Can you add contigencies such as inspection/financing to BO properties that are sold as-is?
It doesn’t make any difference whether the property is sold “as is” or not. When you make an offer, you are really offering to enter into a contract to purchase. You can (within certain limits) put anything into a contact. If the other side doesn’t like some items they can counter offer these items out of the original offer. You, of course, can counter offer them back in.
You should always have contingencies covering: inspections, financing, appraisal, getting a loan at a certain interest rate, etc.
The important things to remember about a contract -
- The principals must have capacity. They must be of legal age, they cannot be adjudged to be insane, they cannot be under the influence of chemicals, etc.
- There must be mutual consent - both parties have to have reached agreement without duress.
- There must be consideration. Something of value has to pass from one to the other. This may be in the form of money, a promise to do something, a promise not to do something.
- There must be a lawful purpose to the contract. For example, you cannot enter into a contract to rob a bank.
In my experience, banks will not allow many or any contingencies on REOs. I have done many REOs. However, I know that others have had different experiences. I would ask the realtor representing the REO. She should know what the bank will accept.
You can treat these as any other property you would put an offer in on. The banks won’t fix anything, but you certainly can put in inspection clause in there so you can either back out of the deal, or negotiate on price.
Getting utilities turned on for inspections on REO properties can be very difficult, though.
Good point. The contract states that the utilities can be turned on at the buyers expense during the inspection period. Is that necessary though? I am going to get an inspector in the property - and if it has structural issues, termites etc … I should be able to pull out of the contract correct?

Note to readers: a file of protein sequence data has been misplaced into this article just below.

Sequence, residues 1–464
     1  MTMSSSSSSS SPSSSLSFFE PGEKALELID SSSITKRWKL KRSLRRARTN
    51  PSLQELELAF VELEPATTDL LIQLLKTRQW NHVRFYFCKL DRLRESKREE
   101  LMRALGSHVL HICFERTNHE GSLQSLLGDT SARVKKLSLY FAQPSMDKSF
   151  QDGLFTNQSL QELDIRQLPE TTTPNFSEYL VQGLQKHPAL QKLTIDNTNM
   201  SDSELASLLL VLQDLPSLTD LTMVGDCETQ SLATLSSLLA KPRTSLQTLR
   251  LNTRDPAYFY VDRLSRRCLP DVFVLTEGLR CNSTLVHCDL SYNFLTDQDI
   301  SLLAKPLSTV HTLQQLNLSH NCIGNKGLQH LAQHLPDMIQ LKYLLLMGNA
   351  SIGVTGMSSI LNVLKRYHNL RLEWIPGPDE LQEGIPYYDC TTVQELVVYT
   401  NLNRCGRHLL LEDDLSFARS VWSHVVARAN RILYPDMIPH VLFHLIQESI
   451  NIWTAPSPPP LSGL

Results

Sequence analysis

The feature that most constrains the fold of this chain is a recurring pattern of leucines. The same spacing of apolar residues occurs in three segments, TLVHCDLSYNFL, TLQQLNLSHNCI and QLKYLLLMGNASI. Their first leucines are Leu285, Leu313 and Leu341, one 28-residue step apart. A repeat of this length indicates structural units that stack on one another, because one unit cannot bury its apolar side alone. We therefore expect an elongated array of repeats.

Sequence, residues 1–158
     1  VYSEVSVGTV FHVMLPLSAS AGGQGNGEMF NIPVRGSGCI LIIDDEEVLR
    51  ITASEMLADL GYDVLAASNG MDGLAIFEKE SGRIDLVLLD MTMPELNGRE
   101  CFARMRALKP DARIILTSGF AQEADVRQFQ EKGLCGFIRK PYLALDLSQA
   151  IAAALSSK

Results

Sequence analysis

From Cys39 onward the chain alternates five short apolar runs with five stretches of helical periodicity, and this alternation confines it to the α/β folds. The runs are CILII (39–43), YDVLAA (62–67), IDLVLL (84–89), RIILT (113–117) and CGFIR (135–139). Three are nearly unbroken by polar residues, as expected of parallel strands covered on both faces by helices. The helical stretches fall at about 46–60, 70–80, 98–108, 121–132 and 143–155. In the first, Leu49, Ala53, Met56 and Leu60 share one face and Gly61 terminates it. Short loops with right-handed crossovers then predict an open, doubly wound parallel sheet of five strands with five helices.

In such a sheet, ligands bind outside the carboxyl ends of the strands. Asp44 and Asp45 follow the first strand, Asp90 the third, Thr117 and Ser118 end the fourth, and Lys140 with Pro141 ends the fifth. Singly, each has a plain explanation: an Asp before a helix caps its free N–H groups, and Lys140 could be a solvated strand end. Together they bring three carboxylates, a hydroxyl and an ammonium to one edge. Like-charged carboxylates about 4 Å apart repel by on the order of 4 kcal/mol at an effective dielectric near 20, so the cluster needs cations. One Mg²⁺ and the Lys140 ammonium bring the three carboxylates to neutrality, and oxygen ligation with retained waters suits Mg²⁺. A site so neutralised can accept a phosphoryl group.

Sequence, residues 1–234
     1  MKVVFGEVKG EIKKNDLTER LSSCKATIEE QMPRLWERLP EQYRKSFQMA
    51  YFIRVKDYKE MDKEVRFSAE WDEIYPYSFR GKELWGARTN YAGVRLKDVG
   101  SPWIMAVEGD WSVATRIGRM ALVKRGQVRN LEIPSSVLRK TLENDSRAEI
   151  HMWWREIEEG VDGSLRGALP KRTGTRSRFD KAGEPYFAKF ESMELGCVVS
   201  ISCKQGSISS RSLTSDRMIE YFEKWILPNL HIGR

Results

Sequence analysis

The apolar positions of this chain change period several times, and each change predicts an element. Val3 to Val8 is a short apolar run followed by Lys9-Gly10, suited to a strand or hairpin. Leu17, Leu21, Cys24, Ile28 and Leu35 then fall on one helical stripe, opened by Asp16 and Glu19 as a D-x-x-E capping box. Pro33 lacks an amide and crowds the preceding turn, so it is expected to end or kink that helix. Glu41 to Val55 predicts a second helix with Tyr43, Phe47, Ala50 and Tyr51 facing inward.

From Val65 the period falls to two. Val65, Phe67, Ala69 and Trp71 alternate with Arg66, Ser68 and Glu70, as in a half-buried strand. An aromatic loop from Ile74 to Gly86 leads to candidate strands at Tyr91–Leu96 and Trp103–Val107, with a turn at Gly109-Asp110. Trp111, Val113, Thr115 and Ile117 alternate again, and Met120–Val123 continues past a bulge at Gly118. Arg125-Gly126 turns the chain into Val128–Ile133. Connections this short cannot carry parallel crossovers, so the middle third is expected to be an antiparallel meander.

Nic, It depends on the inspector if you need the utilities turned on. Some will have the generators that can power the house to check the electrical system, heating and air, etc. If the house has gas appliances then you may need the gas turned on to make sure the furnace works properly. Check with your inspector and see what he needs to do the job right. As for pulling out of the contract if you find some major issues on the inspection: yes, as long as that is specified in the contract. Best of luck to you.
It’s also critical to check the plumbing system on homes that have been winterized in colder climates. Frozen pipes can be very expensive to remedy. I say utilities MUST be turned on and all systems checked before going forward. The bank agreed to split the cost of having utilites restored on the last REO I bought. I thought that ws a fair agreement.
are most of you guys buying reos to fix and flip or cash flow i’m looking into rehabb property and sell but alot of people are telling me there isnt any deals in reos is his true?
Why would they tell you that? There are REO deals out there. Yes, you might be able to get a better deal with a seller, but then again, the bank will keep discounting the property if it doesn’t sell.
Granted there are probably less REOs available, and depending on your area, there might be more competition for them.
I know that Countrywide won’t allow any contingencies. All of the REOs that I’ve looked at have had the utilities on.
Here in San Diego, there are a ton of REOs. The problem is that most of the realtors that BPO them are trying their best to keep the market up by over estimating the price. The good deals go within a few hours.